The clamping structure just described is stronger and less susceptible to the debilitating effects of corrosive fluids within the boom than the chemical adhesive described above; however, the chemical adhesive is less expensive to implement and may be sufficient in many cases.
The sidewall 422 itself may be implemented in several different configurations. For example, a sidewall structure such as that indicated at 502 in FIG. 23 may be appropriate for certain circumstances. This structure 502 comprises an inner portion 504 corresponding to the sidewall structure 422 and an outer limiting lining or coating 506 of material that stretches less than the amount that the inner portion 504 stretches before tearing. The outer lining 506 thus limits the amount that the sidewall structure 502 stretches to prevent tearing of the inner portion 504. An appropriate lining or coating for an inner portion 504 corresponding to the sidewall 422 is stretch Lycra, which is commonly available at fabric stores.
Referring now to FIG. 18, it can be seen that the boom 420 is further optionally provided with limiting straps 524 and 526 connecting the various ribs 426, 428, 432, and 434 and end caps 428 and 430. These straps 524 and 526 are flexible but not stretchable; accordingly, the straps 524 and 526 connect adjacent ribs or end caps to prevent tearing of the sidewall 422 when the ribs and end caps are separated during the process of laying the boom 420 in a desired orientation on the surface 444. These straps thus serve a function similar to that of the outer lining 506 just-described.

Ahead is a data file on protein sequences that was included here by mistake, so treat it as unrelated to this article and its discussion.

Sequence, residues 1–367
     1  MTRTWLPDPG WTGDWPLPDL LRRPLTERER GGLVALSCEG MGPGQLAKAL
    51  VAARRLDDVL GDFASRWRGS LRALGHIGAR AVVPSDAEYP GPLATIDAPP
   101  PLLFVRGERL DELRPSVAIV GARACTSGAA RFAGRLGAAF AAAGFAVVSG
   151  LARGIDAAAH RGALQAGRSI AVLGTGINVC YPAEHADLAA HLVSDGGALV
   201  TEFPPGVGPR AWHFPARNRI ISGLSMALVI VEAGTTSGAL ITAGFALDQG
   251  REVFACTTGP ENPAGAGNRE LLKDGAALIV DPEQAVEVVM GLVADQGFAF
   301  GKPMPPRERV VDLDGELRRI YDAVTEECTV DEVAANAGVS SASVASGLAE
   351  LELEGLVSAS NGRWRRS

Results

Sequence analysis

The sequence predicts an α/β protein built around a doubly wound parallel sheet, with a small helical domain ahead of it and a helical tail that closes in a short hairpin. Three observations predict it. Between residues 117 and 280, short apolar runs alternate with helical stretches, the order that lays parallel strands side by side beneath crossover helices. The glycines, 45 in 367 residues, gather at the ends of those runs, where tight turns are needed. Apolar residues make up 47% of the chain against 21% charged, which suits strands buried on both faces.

Yet another sidewall configuration is depicted at 512 in FIGS. 24 and 24A. The sidewall 512 corresponds in overall physical configuration to the sidewall 422 described above but has concave or hourglass surfaces 514 and 516 formed on its lower, ground engaging ends 518 and 520. As shown in detail in FIG. 24A, these concave surfaces 514 and 516 and sidewall inner and outer surfaces 522 and 524 meet at edges such as edges 526 and 528.
The thickness of the sidewall 512 is reduced near these edges 526 and 528, allowing more compression of the sidewall 512 at the ends 518 and 520 to form a better seal between these sidewall ends and the surface 444 on which the boom 420 resides. Specifically, the reduced sidewall thickness near these edges 526 and 528 allow foam easily to compress into textured surfaces. This is because these edges exhibit less spring tension which would otherwise be resistant to ready conformity with the surface and thus require a higher vacuum pressure to compress the foam and obtain a sealing effect This extra compression and thus sealing is desirable when the surface 444 is severely undulating on a small scale as shown in FIG. 24A as well as on a large scale as shown in FIG. 18.
Still another sidewall configuration is depicted at 530 in FIG. 25. This sidewall 530 is constructed from generally the same materials as the sidewall 422 but has accordion-like ridges 532 and valleys 534 extending along its outer surface 536 and transverse to its longitudinal axis A. These ridges 532 and valleys 534 have corresponding valleys and ridges, respectively, on the sidewall inner surface (not shown). These ridges 532 and corresponding valleys 536: (a) provide rigidity to the sidewall 530; and (b) accommodate bending of the sidewall 530 by, for example, allowing expansion on the front side and contraction along the back side of the sidewall.
As indicated at 538 in FIG. 26, an accordion-like sidewall such as the sidewall 530 may, in some circumstances, provide sufficient rigidity that it may be used without structural ribs.